Related to food issues, the government has done its best to stop hording with regular announcements that there is sufficient food (example below) and announcements/ photos of fresh fruits and vegetables purchased from India. There are announcements of the illegality of price-gouging in stores and that all delivery services must follow safety regulations (example below). All customers must have their temperature checked before entering a grocery store and all grocery stores must ensure all carts are sanitized before each use, all customers wear gloves, and free hand sanitizer is available (example below).

Grocery stores (during my once a week shopping trip!) are well-stocked with all the basics: vegetable oil, rice, meat, fish, basic fruits and vegetables such as onions, potatoes, carrots, cucumbers, apples, oranges, bananas, etc. There are all kinds of cleaners/ sanitizers; masks sell out quickly, but new supplies arrive every week. However, there are fewer types of fruits and vegetables (especially frozen ones) and some non-Omani, non-essential foods are not being restocked (cheddar cheese, types of noodles, sauces, chips).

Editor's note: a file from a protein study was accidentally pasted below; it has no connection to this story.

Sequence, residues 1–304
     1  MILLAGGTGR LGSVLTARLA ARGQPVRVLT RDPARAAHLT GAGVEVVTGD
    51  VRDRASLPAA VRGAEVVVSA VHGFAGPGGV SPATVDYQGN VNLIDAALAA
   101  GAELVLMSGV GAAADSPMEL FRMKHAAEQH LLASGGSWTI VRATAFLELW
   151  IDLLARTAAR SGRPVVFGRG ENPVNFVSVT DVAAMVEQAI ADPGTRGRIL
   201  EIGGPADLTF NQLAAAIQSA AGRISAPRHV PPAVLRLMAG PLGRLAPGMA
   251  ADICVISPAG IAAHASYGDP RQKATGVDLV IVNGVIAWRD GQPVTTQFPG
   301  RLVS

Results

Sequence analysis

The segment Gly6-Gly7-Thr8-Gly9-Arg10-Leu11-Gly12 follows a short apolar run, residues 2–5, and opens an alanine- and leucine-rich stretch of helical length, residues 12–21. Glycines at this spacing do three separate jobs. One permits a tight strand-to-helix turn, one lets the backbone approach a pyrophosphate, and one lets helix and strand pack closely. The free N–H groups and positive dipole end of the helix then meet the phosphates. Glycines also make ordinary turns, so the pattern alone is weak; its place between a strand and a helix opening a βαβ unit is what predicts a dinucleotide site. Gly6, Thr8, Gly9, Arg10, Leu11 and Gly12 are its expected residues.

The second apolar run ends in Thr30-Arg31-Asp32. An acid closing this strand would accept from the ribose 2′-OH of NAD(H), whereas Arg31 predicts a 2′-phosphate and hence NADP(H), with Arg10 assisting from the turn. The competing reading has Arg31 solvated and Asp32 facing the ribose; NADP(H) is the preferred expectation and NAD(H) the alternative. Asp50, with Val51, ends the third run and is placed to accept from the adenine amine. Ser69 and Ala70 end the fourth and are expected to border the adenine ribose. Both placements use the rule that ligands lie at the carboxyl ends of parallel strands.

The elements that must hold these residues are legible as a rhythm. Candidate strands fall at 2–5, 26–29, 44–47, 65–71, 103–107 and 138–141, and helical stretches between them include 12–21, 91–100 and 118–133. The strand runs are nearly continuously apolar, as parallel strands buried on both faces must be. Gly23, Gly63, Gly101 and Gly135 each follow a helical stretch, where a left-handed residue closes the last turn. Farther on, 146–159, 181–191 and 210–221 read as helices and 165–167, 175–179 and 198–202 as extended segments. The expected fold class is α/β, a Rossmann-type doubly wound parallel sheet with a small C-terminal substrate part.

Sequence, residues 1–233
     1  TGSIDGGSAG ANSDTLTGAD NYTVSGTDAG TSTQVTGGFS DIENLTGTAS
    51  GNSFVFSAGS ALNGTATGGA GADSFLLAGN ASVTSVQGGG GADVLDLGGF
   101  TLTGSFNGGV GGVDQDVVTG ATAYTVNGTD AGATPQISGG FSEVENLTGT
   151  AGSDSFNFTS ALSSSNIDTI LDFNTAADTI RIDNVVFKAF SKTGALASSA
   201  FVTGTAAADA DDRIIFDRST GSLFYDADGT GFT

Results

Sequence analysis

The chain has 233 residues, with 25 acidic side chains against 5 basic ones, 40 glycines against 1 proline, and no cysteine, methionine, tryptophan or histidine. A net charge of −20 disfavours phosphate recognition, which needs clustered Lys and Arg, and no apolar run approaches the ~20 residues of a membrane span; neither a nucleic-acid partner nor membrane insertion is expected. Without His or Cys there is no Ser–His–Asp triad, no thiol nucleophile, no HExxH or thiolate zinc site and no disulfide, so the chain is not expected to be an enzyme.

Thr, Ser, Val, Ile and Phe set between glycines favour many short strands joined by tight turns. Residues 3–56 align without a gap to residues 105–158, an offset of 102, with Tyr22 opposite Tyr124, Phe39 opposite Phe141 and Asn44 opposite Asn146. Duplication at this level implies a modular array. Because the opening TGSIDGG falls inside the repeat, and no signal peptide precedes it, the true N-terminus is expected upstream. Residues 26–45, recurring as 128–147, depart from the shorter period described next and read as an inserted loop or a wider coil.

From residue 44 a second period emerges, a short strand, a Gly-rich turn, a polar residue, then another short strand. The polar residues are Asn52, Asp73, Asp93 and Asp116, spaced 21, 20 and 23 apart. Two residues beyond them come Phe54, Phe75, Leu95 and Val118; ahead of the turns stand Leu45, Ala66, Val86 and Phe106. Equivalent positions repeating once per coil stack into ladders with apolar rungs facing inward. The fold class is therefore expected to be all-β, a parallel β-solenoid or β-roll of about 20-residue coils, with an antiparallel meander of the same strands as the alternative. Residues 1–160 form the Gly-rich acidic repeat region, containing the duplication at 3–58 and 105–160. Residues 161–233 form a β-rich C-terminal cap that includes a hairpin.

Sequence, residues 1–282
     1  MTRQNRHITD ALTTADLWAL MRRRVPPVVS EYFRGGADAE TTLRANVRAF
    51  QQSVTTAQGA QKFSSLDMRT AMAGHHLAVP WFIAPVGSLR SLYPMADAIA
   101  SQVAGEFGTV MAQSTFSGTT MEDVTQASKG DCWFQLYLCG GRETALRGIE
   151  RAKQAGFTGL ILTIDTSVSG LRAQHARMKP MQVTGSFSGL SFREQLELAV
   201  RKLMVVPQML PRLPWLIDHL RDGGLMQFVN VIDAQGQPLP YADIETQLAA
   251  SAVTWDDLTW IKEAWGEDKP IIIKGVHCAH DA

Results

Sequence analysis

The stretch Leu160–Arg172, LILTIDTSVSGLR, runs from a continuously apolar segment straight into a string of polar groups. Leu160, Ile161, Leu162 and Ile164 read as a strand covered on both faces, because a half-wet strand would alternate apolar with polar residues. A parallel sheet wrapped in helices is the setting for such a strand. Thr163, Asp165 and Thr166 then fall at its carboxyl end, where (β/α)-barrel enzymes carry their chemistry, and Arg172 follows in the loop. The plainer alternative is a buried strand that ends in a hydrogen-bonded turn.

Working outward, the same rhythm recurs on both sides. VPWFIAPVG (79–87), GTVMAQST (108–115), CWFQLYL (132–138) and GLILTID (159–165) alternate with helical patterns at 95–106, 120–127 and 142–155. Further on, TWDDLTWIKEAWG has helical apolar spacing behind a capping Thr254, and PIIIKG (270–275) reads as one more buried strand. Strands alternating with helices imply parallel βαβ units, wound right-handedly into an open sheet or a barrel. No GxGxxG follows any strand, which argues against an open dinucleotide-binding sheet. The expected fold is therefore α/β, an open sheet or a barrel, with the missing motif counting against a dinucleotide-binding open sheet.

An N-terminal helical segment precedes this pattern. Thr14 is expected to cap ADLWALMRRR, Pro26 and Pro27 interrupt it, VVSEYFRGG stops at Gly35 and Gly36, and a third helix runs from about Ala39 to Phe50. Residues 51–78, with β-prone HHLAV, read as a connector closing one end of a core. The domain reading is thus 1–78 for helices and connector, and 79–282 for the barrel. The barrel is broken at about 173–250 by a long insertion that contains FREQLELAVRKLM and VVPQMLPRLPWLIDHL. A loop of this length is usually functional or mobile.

In terms of my research, before corona, it was almost exclusively women who used Instagram and Whatsapp to advertise home catering businesses, but now men are starting to use social media to sell fish (cleaned, cut and delivered) and lobster (during the time it is in season) because the fish markets are closed. These ads explicitly state that safe hand-over procedures will be followed. The government has also created an on-line fish market to help buyers and sellers find each other (see below).